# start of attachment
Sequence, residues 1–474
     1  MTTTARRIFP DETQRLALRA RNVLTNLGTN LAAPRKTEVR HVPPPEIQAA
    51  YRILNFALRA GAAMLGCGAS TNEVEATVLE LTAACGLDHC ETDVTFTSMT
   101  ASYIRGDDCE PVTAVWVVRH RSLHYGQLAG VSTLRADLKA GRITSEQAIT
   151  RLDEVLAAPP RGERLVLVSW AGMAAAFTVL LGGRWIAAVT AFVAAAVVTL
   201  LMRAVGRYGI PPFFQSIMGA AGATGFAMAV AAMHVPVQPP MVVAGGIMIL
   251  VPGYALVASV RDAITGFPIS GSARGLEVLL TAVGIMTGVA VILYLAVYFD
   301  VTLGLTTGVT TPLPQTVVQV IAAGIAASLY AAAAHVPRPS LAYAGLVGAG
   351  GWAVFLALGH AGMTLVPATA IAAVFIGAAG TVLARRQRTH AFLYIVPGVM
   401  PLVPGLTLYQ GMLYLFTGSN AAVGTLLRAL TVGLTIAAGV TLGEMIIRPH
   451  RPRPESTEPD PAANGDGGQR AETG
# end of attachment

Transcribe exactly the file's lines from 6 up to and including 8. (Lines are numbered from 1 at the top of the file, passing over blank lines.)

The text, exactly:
   201  LMRAVGRYGI PPFFQSIMGA AGATGFAMAV AAMHVPVQPP MVVAGGIMIL
   251  VPGYALVASV RDAITGFPIS GSARGLEVLL TAVGIMTGVA VILYLAVYFD
   301  VTLGLTTGVT TPLPQTVVQV IAAGIAASLY AAAAHVPRPS LAYAGLVGAG